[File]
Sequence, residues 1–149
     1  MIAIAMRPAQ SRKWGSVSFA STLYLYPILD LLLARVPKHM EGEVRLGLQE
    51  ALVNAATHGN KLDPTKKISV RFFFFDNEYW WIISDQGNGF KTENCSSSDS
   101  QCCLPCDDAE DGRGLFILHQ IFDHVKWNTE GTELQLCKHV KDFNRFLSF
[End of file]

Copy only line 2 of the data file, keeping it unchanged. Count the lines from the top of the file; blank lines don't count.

     1  MIAIAMRPAQ SRKWGSVSFA STLYLYPILD LLLARVPKHM EGEVRLGLQE